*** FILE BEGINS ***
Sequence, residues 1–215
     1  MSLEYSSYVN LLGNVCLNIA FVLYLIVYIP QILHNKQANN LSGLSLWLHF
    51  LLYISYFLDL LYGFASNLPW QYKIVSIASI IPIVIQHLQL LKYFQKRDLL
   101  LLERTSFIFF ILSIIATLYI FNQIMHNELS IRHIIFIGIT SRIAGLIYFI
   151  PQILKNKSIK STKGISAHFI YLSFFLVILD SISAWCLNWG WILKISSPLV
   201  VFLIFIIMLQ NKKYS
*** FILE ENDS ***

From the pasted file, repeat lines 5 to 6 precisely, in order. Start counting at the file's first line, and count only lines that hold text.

   151  PQILKNKSIK STKGISAHFI YLSFFLVILD SISAWCLNWG WILKISSPLV
   201  VFLIFIIMLQ NKKYS